In Ghana, the promise of accelerated economic growth and social transformation at independence led to the establishment of varied yet specialized human resources and institutions with science and technology as a central feature, and the teaching and learning of varied expertise in an environment of liberal studies and critical thinking as key priorities. Universities were established in part to promote this vision, both at the level of functional professionals and in the teaching of science and technology. After a decade or so of independence, this optimism was curtailed by political and economic crises characterized by sporadic changes of governments and inconsistent policies, including those of higher education. The result of all this were two decades of crisis management in Ghana's economy, institutions and universities.
Nearly 20 years of structural adjustment programming at the macro-level (1982 to 2001) have resulted in a mixed menu of reforms in the system and processes of university education. While some of these may have been triggered and sustained by internal pressures within the universities themselves, others have been catalysed by the realities of an external political economy dominated by adjustment, fiscal restraint and Ghana's recent status as a Heavily Indebted Poor Country (HIPC). It is in this context of an overarching system of national reforms that a focus on coping strategies, change and transformation of Ghana's publicly funded universities has been adopted.
Universities in Ghana have been challenged both internally by their own publics and externally by governments and communities to address these critical issues: expanding access with equity; quality and relevance; knowledge production and its application to the problems facing society; sustainable funding and resource management, all of which have called into question the roles and mission of universities in Africa. The public universities have faced competition from offshore universities (mainly religious-based and a few secular private universities) as well as from other non-university centres of knowledge production and research. This new competition is taking place within the context of neo-liberal economic policies characterized by market-led reforms and private sector initiatives. The universities have singularly, or in concert, adopted different strategies and measures to expand enrolment, generate additional funding and review curricula and modes of operation in an attempt to respond to these challenges.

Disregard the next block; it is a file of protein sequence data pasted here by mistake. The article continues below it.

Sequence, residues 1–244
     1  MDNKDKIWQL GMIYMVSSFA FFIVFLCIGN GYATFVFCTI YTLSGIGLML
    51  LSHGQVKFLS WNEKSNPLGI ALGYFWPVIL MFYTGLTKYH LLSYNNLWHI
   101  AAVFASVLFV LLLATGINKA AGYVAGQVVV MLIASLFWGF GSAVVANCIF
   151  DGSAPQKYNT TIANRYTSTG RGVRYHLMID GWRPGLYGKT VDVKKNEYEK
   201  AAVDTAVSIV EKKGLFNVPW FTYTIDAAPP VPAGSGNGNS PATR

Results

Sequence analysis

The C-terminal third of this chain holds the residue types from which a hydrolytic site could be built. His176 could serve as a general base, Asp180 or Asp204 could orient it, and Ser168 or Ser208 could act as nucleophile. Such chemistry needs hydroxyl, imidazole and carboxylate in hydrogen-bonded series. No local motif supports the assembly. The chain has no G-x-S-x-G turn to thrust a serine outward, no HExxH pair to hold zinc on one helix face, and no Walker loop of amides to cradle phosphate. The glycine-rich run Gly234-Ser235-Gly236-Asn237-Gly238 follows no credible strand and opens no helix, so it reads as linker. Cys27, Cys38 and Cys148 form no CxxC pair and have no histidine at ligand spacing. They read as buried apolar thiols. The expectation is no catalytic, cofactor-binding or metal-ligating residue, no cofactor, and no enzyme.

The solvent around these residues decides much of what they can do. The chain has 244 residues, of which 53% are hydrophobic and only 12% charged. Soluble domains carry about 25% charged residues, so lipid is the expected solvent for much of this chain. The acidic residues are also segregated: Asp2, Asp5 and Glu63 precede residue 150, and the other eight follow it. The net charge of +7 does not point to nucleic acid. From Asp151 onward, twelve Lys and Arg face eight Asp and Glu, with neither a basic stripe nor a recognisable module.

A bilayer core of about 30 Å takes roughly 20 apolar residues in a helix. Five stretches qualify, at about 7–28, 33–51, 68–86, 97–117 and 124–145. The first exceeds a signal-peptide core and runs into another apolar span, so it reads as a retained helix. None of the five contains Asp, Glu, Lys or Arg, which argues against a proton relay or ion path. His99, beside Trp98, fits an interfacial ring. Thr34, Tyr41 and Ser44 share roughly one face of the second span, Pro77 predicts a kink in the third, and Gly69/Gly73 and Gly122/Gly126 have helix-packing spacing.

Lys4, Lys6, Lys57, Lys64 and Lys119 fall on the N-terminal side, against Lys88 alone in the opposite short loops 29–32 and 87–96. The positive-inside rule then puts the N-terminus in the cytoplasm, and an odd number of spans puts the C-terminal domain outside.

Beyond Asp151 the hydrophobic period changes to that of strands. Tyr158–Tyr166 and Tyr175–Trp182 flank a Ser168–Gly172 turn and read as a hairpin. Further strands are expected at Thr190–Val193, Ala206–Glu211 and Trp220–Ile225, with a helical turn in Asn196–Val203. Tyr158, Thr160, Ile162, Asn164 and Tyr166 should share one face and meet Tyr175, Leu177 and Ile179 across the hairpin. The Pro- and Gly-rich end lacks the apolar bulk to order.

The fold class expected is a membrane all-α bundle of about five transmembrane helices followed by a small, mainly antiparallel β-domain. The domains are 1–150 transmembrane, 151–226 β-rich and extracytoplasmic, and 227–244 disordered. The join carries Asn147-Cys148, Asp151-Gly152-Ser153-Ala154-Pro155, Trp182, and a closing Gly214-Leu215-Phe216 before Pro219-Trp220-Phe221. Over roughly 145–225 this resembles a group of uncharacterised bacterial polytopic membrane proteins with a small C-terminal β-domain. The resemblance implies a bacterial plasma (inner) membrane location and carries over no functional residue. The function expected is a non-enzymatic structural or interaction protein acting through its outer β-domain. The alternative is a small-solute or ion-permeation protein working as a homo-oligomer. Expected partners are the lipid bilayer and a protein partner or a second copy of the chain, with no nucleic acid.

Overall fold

The study takes as its point of departure the circumstances under which the universities' activities interface with the wider society and institutions, and the concomitant effect of that engagement in the establishment of new paradigms for teaching, research and learning. Transformation is thus seen as a dynamic and cyclical process, giving meaning and relevance to both the protagonists of the actions (the universities) and those who demand, benefit from and are affected by them (the society and economy).
Seen in this context, transformation and change in Ghana's public universities have not been altogether deliberate. Their origins, motivation and purposes have been diverse, and their feedback into the system of university education and the attendant changes fostered by these nascent transformations are still unfolding. The beginnings of these can then be characterized as innovations— new ways of doing things under extremely difficult circumstances—in the system of tertiary education and in the socio-economic development processes of Ghana, with the potential for scaling up and expansion.
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|Title of Paper:||Change and transformation in Ghana's publicly funded univerisites: a study of experiences, lessons and opportunities|
|Publisher:||Woeli Publishing Services|
|Document Type:||Booklet (Peer Reviewed)|
|Subject Area:||National Systems and Comparative Studies|
|Keywords:||Universities, Transformation, Ghana, Public Sector, Access to Higher Education, Equity, Knowledge Production, Governance, Gender Distribution|
|File Size:||1.08 MB|
|Date Added:||20 August 2007|